The Spanish missionaries had no interest in the ocher and neither did the Mexican ranchers who took over the land, although their Indigenous ranch hands seem to have valued the site. (A small remnant is preserved at Holy Names University.) It took the Americans to dig it all up and turn it into house paint. Then underneath the ocher they found rich deposits of pyrite, which was once essential for industrial purposes (it isn’t any more).

In chapter 5 I talk about how Piedmont in the early days was a jarring combination of elegant hillside estates and noisy rock quarries. In Leona Heights too, real-estate schemes and resort hotels shared this territory with sulfur mines and Oakland’s largest quarries. The name “Leona Heights” was a developer’s coinage; it was formerly called Laundry Farm. Within a few decades after the mines closed, the area got developed in various ways, and the signs of the old days are fading but still vivid.

The rocks that contained all that pyrite are the oldest in Oakland, and they have a long history that started with volcanic eruptions under the ocean. To tell that history requires me to bring in the basics of plate tectonics, the “Earth machine” that rearranges the planet’s large-scale surface features. This three-page passage may be the steepest learning curve in the book, but it takes the reader well inside the geologist’s mindset. And with that I can proceed.

In brief, the Leona Volcanics belong to a thick slice of the Earth’s crust from the ocean floor that was hauled onto the land and stuck there, “an orphan handed off to a new parent. . . . This uncommon feature—a chunk of seafloor crust marooned on land—is called an ophiolite. Having pieces of one in Oakland is a privilege.” Oakland has three separate pieces of this ophiolite, the second being the gabbro of San Leandro and the third our lovely serpentinite, which I discuss in chapter 11.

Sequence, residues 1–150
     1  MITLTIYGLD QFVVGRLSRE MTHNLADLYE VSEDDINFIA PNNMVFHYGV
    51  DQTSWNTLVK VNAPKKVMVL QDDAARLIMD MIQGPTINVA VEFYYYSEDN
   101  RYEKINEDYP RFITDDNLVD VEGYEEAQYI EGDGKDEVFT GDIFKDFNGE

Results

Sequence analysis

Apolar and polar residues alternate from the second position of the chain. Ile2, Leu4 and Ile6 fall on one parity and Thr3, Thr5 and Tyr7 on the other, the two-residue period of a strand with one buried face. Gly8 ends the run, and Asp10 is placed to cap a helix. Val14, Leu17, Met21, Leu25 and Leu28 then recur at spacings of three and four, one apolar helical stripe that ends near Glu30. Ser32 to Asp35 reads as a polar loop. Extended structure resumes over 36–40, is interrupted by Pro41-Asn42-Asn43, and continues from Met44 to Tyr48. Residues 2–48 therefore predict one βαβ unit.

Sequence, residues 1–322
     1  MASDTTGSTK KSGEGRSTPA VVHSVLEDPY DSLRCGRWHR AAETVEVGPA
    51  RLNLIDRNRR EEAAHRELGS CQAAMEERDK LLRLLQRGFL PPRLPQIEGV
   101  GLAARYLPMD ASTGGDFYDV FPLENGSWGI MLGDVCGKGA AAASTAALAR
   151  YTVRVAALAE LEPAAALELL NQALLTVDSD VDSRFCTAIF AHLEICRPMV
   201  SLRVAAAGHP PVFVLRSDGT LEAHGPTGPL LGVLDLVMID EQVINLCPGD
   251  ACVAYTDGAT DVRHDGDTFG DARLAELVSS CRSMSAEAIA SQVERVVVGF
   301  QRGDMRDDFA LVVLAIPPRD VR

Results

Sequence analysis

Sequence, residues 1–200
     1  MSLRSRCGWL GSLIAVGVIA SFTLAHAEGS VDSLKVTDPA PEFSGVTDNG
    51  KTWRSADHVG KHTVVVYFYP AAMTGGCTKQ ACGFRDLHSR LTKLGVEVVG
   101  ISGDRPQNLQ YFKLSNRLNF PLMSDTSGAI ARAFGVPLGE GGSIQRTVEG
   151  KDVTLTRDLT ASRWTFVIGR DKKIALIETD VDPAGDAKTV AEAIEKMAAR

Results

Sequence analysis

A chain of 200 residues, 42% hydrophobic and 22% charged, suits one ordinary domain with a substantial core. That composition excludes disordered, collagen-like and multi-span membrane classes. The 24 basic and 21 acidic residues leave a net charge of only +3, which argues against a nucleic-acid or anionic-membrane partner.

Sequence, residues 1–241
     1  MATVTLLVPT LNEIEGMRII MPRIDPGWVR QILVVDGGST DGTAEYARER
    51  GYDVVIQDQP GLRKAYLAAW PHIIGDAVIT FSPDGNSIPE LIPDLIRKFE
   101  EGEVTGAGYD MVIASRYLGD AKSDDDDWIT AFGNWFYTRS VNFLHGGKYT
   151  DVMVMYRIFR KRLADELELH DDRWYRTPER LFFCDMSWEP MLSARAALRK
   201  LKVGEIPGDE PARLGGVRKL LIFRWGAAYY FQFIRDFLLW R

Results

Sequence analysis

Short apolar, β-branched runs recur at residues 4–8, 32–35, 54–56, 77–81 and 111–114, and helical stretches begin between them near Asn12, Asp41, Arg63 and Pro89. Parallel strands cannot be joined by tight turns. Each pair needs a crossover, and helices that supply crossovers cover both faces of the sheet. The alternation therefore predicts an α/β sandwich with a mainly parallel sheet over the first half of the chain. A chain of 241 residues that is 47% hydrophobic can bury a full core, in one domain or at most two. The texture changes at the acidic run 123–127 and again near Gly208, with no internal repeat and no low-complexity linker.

None of this history was anything we learned about by poking around in the mines. But geologists were doing that a hundred years ago, typically graduate students working on a thesis for Stanford or UC Berkeley. I use this chapter to introduce geologists who have practiced here, what they found, and what kind of effort it took.

Though mining and quarrying ended long ago in Leona Heights, geology continues.

The pyrite-riddled rocks are collecting new coats of ocher as surface weathering breaks the pyrite down into iron oxides, which paint the rocks red, and sulfuric acid, which etches the concrete gutters and paints the creeks yellow. The past colors the present.

Deep Oakland chapter 9: Sibley Volcanic Regional Preserve

17 October 2022

This chapter of Deep Oakland finally takes us into traditional geology: rocks and fossils. I wanted to tackle the dynamics and features of landscapes first — the deep present — which loosens the reader’s grip on time, before dipping them into the deep end. To help with this transition, chapter 9 takes a bit of a mystical turn, because geology is a visionary science. The Sibley preserve is the best place in the Oakland area for lay people to learn to see what geologists see. I think that’s why I wrote this chapter before all the others, in 2019 after a contemplative visit here on a gray autumn day.

Sibley is well known for exposing the innards of a small basaltic volcano, now turned on edge, that was active for about a million years during the late Miocene epoch, between ten and nine million years ago. The rocks there are well exposed because they were quarried during the early 20th century — in fact, blocks from the Sibley quarries apparently line some of the old gutters in our downtown streets.

But this chapter starts in the southern extension of the park, a little valley off San Leandro Creek occupied by a family farm starting in the 1860s. It’s a simple steep-sided valley that exposes a classic sequence of sedimentary rocks belonging to the Orinda Formation. It gives me a good way to introduce the very basics of traditional geology: how sedimentary rocks form, what they represent and what features in the rocks inform geologists about the deep past. From there I take a look at truly deep time: how big it is and what it means.

Conglomerate is an easy rock to comprehend as a petrified gravel bed, the kind that can be seen at any riverbed or excavation.